Writing and The Working Poor

Indulgence in an artistic life is much easier when money is not an object.  Most writers never make a living off their work.  Do the math on the number of hours spent writing a novel (including research, revision, etc.) and divide an average novelist's advance; it's sad.  The advice:  "Don't quit your day job" is no longer disrespectful, it is helpful.

Yet, those who feel compelled to create will do so no matter what.  And yes, everyone has obstacles that prevent them from writing as much as they'd like.  Those who have more income or less worry about income, however, are at a real advantage.

Here are some reasons:

1.  A person without financial worry doesn't fear homelessness, medical bills, or where his/her next meal comes from.  It takes away some stresses another writer may have constantly which can interfere with productivity.

2.  The likelihood of a well-off person working two full-time jobs is low, giving them more time to write or belong to a critique group.  And sending those submissions out is easier, too!

3.  Conferences and workshops are expensive and time-consuming.

4.  Contest entry fees are not prohibitive for someone who has enough money.  (I know this isn't a huge issue with novelists but it is with writers of short stories and poetry because competitions are one of the ONLY ways to get recognition.  Combine that with almost all presses publishing short works charging reading fees and even some literary magazines.)

5.  MFAs are impossible to obtain without a good amount of money or a great amount of debt.  (Again, this is more for poets and short story writers.  I've seen many more novelists/nonfiction writers without an MFA than, say, poets.)

6.  Self-publishing is mostly based on funds.

So, does this mean a person with more discretionary income or more free time should feel guilty?  No.  But it doesn't kill said person to acknowledge his/her advantage over other writers.  Other writers who still manage to complete work, anyway.

Who are your favorite working-class writers?  Do you disagree about anything I've stated?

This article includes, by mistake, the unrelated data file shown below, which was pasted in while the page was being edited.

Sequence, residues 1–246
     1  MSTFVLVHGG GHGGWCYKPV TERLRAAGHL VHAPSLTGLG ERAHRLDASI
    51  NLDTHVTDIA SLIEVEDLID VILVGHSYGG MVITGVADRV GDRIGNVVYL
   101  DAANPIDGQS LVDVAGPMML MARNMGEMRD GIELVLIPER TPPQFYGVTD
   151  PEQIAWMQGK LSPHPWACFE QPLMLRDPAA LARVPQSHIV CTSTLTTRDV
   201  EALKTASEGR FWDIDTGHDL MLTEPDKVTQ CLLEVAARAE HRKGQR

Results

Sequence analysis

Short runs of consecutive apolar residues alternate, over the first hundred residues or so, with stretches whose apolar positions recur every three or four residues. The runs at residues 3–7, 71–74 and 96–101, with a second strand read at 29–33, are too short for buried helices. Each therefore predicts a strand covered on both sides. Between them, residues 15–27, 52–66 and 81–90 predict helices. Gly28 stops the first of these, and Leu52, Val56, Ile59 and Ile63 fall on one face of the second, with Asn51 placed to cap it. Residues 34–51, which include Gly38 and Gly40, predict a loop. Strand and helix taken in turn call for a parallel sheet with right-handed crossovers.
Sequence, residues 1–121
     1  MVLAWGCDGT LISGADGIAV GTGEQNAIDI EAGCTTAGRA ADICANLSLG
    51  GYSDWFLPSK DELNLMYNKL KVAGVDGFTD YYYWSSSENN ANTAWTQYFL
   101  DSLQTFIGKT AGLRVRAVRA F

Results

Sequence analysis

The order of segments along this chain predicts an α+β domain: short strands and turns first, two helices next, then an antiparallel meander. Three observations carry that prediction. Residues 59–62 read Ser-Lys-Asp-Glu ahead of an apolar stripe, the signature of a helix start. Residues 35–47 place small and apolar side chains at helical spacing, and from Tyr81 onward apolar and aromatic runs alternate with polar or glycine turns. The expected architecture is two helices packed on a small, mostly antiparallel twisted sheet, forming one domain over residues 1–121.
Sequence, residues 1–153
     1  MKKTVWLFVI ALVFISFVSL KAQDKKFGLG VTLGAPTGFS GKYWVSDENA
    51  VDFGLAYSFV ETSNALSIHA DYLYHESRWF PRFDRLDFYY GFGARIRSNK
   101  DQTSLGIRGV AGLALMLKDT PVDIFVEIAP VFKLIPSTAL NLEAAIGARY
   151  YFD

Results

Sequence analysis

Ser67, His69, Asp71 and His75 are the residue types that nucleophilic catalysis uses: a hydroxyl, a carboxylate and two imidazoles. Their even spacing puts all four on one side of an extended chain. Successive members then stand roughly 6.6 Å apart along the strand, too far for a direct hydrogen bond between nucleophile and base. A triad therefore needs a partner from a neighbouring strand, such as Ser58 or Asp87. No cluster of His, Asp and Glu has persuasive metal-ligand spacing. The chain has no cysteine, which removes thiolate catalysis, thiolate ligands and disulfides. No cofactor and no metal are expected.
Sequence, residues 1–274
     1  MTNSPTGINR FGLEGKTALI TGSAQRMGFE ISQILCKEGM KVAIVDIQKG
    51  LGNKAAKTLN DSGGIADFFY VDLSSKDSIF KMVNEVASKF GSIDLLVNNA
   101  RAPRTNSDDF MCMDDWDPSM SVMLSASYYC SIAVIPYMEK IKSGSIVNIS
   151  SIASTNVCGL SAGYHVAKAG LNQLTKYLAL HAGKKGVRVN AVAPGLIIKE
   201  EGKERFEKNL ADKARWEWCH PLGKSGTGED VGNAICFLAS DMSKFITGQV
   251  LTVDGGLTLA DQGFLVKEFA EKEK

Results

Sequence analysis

1. Good points all. I never wrote that much when I worked full time, but I probably could have if I'd used my time better. But you are certain correct about what you've said here.

    I don't know that I can think of any writers that I've actually read that would be in that classification of "working-class writers". I really don't pay all that much attention to writers' backgrounds and when I have I sometimes question the veracity of their life stories.

    Maybe Jack Kerouac? I've only read On The Road as well as articles about Jack the author. Sounds like he struggled though it didn't seem like he worked all that much.

    But, yeah, if you don't have any means of support I think it would be tough trying to make it as a writer unless you really lucked out somehow.

    Tossing It Out

    1. I haven't read Keroac. I can't bring myself to, though I've been told I should.
      I don't read the biographies of fiction writers. Their stories are what I'm after, but I do read those of nonfiction writers (to see what sort of authority they possess on their chosen topic) and poets.

      I read poets' biographies to see if any of them aren't editors, teachers or have college degrees. Most poets in prestigious literary magazines have/are at least one of those. It is almost an unstated requirement. I look hoping to find someone who is like me.

    2. Oh, another thing you hit on is luck. There are successful people in every field (Oprah immediately comes to mind as someone extraordinarily opposed to luck) who will tell you there's no such thing-- they just worked hard. Hard work and persistence are vital to "making it" but discounting luck is a flat-out sham.
      Your hard work may have helped you finish the book, that particular agent being at your friend's party? Luck.

    3. Yes, the old right place at the right time situation.

      Tossing It Out